It took two days for the US Centers for Disease Control and the Texas Department of State Health Services to confirm that Thomas Eric Duncan, the first patient to be diagnosed with Ebola in the US during the current outbreak, had in fact tested positive for the hemorrhagic fever. For a virus that claimed the 42-year-old Liberian national's life in less than two weeks, two days might have made all the difference — and it appears that a device in Texas Health Presbyterian Hospital's arsenal could have turned around the results in less than an hour.
The device is called the FilmArray, a sleek diagnostic scanner that can identify more than a dozen different viruses and bacteria. With the right kit, these capabilities include testing for Ebola. In fact, healthcare workers at Emory University Hospital in Atlanta used the device to diagnose US aid workers Dr. Kent Brantley and Nancy Writebol after they contracted the disease in Liberia.
Another proponent of the device is the US military, which has funded the company behind the machine, BioFire, to tailor the device for testing diseases like Ebola — an investment that has proven worthwhile considering the military is utilizing the FilmArray as apart of its Ebola response efforts in West Africa.
BioFire confirmed to DefenseOne that the Dallas hospital does in fact have a FilmArray in its arsenal, begging the question as to why it wasn't used to test Duncan during his emergency room visit, instead of sending his samples to a CDC-sanctioned lab in Texas and the agency's Atlanta headquarters.
First and foremost, the hospital would have needed a special Ebola panel for the device — a panel that most hospitals probably don't have, Dr. Stephen Morse, an epidemiology professor at Columbia University, told VICE News. But perhaps the biggest obstacle is the fact that, despite military backing and high profile cases of use, the device is not technically approved by the Food and Drug Administration for diagnosing Ebola.
Currently, FilmArray is approved for diagnosing gastrointestinal and respiratory problems, but when it comes to Ebola the scanner must get special approval by the FDA, an allowance which falls under the agency's "research use only" guidelines. This means that even if the FDA gave a hospital the green light to use the Ebola panel for the FilmArray, it would have to be strictly for research, not simply for determining whether a patient has the disease.
According to Morse, once the hospital is given permission to use a device under the research guidelines, it would be up to clinicians to determine what that means — leaving a definite gray area in which testing could be done.
In the case of a potential Ebola patient, it may seem reasonable for healthcare workers to cite an emergency situation and use the diagnostic test. But Dr. Peter Jacobson, a health law and policy professor at the University of Michigan, told VICE News that using the test could open a hospital up to liability issues.
"If you're a hospital, before you use a device, you ask the FDA for a waiver because if you don't and you get it wrong, you have a liability issue," he said. "In an emergency situation, you've got to give healthcare administrators leeway, but you have to be careful and justify why it's an emergency."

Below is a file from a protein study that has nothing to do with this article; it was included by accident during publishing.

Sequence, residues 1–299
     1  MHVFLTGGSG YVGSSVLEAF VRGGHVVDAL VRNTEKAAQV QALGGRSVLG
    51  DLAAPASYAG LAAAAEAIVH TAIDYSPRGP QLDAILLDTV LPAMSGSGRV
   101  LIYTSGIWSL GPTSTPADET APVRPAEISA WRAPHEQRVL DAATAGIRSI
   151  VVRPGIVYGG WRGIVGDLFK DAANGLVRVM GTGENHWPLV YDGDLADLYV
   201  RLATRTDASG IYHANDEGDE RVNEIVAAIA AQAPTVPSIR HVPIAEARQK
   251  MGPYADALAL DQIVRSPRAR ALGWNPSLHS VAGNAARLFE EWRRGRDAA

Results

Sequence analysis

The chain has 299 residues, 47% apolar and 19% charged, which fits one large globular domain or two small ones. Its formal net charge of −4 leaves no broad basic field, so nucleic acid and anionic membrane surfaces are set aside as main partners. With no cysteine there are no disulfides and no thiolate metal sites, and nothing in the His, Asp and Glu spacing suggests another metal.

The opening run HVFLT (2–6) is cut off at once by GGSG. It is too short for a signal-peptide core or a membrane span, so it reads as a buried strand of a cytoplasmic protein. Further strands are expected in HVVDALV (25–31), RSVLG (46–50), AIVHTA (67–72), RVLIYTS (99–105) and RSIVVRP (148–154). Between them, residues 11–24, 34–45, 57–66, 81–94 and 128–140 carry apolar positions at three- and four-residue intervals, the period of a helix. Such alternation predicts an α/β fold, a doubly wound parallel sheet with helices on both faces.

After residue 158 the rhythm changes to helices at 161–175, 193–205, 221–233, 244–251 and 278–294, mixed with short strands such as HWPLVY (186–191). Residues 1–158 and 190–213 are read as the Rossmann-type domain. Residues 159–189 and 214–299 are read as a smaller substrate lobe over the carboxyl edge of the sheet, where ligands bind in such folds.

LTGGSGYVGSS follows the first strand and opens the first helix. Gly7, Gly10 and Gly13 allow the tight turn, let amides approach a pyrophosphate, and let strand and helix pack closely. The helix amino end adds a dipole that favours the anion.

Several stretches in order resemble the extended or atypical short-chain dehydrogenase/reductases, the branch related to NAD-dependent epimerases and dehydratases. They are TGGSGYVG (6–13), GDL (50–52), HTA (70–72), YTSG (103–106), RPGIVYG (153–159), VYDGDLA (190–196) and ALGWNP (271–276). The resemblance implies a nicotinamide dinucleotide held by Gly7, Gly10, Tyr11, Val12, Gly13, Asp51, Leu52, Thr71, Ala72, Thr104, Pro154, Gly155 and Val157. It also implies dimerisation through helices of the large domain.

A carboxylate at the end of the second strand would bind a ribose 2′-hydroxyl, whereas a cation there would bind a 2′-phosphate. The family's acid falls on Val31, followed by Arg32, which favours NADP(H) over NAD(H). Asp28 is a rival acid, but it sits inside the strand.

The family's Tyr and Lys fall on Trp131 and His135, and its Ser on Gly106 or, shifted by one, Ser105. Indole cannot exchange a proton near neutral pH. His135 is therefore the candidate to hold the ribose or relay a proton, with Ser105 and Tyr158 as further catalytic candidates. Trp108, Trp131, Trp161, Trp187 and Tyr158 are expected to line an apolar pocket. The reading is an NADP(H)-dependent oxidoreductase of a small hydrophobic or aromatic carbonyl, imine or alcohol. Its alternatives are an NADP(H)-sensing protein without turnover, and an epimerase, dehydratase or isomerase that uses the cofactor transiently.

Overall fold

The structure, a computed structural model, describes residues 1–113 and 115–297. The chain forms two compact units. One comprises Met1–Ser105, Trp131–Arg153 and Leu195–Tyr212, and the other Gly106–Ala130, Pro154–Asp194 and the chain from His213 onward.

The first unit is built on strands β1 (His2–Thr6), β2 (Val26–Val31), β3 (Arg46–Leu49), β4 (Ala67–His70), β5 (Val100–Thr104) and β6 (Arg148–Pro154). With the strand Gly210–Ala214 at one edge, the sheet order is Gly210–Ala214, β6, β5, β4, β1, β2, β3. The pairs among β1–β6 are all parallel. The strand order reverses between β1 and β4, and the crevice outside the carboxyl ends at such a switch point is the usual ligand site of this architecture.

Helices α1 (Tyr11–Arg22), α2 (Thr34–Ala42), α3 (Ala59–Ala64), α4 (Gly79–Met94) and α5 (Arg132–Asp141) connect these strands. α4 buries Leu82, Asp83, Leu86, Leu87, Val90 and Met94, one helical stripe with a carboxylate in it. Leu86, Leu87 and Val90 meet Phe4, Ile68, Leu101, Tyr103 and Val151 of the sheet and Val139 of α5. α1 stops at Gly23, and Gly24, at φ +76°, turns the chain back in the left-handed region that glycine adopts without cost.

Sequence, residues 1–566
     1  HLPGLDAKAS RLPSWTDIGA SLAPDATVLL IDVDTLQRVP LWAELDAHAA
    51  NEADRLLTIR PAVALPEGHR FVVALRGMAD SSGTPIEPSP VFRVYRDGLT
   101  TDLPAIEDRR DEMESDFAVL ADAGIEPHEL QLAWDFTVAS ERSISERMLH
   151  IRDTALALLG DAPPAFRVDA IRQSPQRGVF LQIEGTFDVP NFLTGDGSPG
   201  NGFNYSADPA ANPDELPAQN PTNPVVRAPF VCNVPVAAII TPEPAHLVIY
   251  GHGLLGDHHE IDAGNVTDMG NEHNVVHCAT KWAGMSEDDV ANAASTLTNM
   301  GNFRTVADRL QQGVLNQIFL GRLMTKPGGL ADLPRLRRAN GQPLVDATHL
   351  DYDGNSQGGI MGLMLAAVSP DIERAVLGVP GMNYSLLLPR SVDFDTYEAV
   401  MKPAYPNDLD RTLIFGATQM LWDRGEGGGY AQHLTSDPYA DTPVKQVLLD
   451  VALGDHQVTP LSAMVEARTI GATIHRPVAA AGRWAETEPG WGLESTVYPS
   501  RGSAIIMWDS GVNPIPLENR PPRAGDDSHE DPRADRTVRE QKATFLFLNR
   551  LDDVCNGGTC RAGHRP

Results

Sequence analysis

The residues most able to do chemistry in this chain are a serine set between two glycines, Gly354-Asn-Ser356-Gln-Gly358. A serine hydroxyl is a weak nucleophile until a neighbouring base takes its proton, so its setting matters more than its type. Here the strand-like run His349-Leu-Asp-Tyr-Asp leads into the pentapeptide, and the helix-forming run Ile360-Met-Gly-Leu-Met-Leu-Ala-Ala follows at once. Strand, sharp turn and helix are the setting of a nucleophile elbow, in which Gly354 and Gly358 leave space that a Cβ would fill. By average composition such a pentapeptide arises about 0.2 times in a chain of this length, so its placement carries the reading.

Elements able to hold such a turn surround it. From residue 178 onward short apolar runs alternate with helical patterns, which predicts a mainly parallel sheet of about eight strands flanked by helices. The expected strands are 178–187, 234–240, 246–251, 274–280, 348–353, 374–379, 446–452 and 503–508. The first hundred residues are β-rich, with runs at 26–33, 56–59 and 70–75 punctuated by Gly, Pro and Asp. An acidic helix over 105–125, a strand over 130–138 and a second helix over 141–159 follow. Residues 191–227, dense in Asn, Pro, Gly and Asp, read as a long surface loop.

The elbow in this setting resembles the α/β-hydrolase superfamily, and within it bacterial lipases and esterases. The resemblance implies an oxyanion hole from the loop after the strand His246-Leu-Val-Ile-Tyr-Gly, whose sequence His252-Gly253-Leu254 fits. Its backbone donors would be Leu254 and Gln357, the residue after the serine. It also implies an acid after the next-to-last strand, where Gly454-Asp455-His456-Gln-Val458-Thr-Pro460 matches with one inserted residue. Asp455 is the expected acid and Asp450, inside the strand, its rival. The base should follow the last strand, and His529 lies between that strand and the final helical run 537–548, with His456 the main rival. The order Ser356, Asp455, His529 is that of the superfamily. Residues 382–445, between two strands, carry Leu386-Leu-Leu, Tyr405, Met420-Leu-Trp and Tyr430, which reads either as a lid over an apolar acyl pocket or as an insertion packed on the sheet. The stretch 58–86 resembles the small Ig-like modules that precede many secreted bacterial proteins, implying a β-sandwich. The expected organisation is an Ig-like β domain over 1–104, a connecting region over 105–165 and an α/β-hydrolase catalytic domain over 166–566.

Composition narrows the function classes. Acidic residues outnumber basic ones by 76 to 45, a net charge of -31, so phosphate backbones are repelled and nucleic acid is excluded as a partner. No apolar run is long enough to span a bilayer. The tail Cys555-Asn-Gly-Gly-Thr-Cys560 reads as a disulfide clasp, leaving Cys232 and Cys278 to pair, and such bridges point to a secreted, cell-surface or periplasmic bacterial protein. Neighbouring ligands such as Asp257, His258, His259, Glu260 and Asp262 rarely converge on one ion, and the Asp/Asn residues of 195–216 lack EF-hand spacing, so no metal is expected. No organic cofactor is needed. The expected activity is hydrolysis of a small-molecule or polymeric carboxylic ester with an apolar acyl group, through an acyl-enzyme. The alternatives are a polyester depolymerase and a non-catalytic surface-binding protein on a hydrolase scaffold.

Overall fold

Jacobson said there is a strong defense for allowing emergency use of FilmArray for Ebola diagnosis.
'Particularly with this device, one argument could be that the only way to actually find out if it works is to use it during an outbreak.'
"Unchecked Ebola has obviously dire consequences," he said, explaining that if you can argue that something would work to prevent the spread of Ebola or cure someone, you would have a strong defense. "Particularly with this device, one argument could be that the only way to actually find out if it works is to use it during an outbreak." Jacobson noted an important caveat: FilmArray should not be used exclusively — its results should be backed up by other testing methods.
The FDA said it has been reaching out to commercial companies in order to encourage them to develop rapid diagnostic tests for Ebola, in addition to acknowledging the importance of such technologies. As Morse points out, diagnostic tests are especially important for tackling the outbreak at its source West Africa. He explained that rapid diagnostic capabilities are important on the ground in order to differentiate between Ebola and diseases with similar symptoms, especially Malaria, which is very common in the region.
Early diagnostics also help to jumpstart contact tracing efforts, ensuring that resources are not used to follow the contacts of someone who doesn't actually have the virus.
Regardless of the fervor surrounding the outbreak, the FDA sticks by its current use guidelines for FilmArray. The agency said it works to quickly decide on these cases once they receive a request.
"The FDA may not authorize the use of a diagnostic test before reviewing data about its performance in detecting Ebola virus in human specimens and determining that the standard for authorization is met. Doing so would also be irresponsible and potentially unsafe," the FDA said in a statement.
According to Jacobson, the FDA is constantly under attack for being to slow to respond or to slow to approve pharmaceutical and medical devices.
"But there's a reason why we have the FDA," he said. "FDA approval needs to be systematically thorough and robust so we don't have devices on the market that don't work and/or that cause more harm."
Jacobson said the debate brings up larger issues that the government will have to resolve going forward.
"We know that we need some type of policy to deal with this kind of outbreak," he said. "The way Ebola spreads and the fear it induces suggests we need to think differently about devices and pharmaceuticals in an outbreak."
Follow Kayla Ruble on Twitter: @RubleKB
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